August 6, 2013 4:46 pm
Updated: August 6, 2013 5:57 pm

Parliamentary watchdog officials say they’ll pay for info themselves

Ottawa sat on more than $10 billion in funds Parliament approved and Canadians were told they could expect in 2012-13 through a slew of programs in dozens of departments.

The Canadian Press/Adrian Wyld

OTTAWA – Officials at Parliament’s budget watchdog office say they are using their own money to file access to information requests in order to reduce government interference.

Employees at the parliamentary budget office prepared 35 money orders Tuesday, following seven requests already sent out almost two weeks ago.

Story continues below

PBO sources say the first requests focus on defence spending and the rest will ask for information about cuts from the 2012 budget.

“In a world of paranoid information control, their fears are probably justified,” said Liberal MP and defence critic John McKay.

“This is a government which controls all information, all access to information, all material upon which a reasonable voter could make up his or her mind with factual information, and they just shut that down in favour of the massive Conservative propaganda machine.

“I think it’s perfectly understandable from the standpoint of the parliamentary budget officer.”

Interim Parliamentary Budget Officer Sonia L’Heureux recently said in a statement that a majority of departments and agencies are still withholding information on the impact of billions in federal spending cuts.

L’Heureux, who is also the Parliamentary librarian, is away from the office this week and not giving interviews in her temporary position.

Sources say employees are paying for the requests themselves because they don’t want them traced back to the office or the Library of Parliament, under which the PBO is housed.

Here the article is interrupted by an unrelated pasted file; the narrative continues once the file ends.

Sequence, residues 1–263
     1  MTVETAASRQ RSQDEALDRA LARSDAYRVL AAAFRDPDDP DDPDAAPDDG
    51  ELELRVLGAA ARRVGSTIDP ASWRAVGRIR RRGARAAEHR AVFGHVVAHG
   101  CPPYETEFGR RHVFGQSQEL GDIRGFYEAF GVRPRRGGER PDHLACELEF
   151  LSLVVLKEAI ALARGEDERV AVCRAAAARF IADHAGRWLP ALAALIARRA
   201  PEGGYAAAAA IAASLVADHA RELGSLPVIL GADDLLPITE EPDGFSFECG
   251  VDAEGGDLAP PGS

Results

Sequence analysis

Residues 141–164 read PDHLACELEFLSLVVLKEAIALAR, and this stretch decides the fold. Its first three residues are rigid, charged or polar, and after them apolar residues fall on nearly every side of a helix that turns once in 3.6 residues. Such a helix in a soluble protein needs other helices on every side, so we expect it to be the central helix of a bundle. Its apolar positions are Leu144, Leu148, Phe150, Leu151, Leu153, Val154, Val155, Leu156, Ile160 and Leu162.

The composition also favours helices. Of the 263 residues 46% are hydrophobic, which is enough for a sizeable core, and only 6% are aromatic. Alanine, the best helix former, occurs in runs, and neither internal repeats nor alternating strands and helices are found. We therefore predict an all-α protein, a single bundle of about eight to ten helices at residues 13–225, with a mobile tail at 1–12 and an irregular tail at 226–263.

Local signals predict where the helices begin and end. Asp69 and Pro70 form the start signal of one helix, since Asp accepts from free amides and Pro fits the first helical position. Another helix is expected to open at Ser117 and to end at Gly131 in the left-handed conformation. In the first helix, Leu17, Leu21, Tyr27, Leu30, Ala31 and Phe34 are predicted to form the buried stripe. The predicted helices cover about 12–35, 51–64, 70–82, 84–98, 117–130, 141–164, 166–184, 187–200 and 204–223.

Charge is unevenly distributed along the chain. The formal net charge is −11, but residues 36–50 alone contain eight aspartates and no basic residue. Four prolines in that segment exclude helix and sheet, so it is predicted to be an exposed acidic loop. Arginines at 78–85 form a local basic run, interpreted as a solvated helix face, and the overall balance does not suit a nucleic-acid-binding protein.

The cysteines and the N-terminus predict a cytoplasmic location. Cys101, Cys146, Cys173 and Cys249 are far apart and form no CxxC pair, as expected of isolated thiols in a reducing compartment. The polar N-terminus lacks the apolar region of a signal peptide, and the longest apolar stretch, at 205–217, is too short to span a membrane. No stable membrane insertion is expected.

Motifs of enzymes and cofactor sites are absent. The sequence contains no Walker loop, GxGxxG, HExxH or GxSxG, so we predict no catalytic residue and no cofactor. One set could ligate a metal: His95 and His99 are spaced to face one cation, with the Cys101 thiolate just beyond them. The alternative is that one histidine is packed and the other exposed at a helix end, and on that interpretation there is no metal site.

Requests cost $5 each initially and are subject to extra fees depending on the type of information requested and time spent finding it. In total, 42 requests will cost $210.

“It’s a disgrace that they’re forced to go to these lengths just to do the work of the parliamentary budget office, work that Canadians ought to be getting without having to resort to these lengths of freedom of information,” said NDP finance critic Peggy Nash.

“It just shows once again how secretive this government has become. I keep asking, what are they afraid of?”

A spokesman for Treasury Board President Tony Clement said the minister was not available for an interview Tuesday.

Spokesman Matthew Conway repeated the government’s previous line in an email: “The government continues to provide the PBO with information that falls within its mandate,” he said.

The office’s mandate, as set out in the 2006 Accountability Act, is to provide independent analysis to Parliament on the nation’s finances, government estimates and trends in the economy.

Officials at the PBO first filed the access requests because they said they were not getting the information they needed by asking government departments.

The parliamentary budget officer gets $2.8-million a year in federal funding, but as officer of the Library of Parliament she cannot legally compel the government to release information.

By comparison, the office says, all Canadians and permanent residents can file access requests at a cost of $5 and there are far fewer limitations on what information can be released.

As well, there are legal repercussions for withholding information under the Access to Information Act. All requests must be answered within 30 days.

The office under inaugural watchdog Kevin Page found itself at odds with the Conservatives on issues such as F-35 fighter jets and tough-on-crime legislation.

The battle culminated in a federal court case that was dismissed in April on a technicality, although Justice Sean Harrington strongly suggested the government cannot deny information to the budget watchdog.

It was announced last week that Page is attempting to start a fiscal studies institute at the University of Ottawa.

© 2013 Shaw Media

Report an error


Want to discuss? Please read our Commenting Policy first.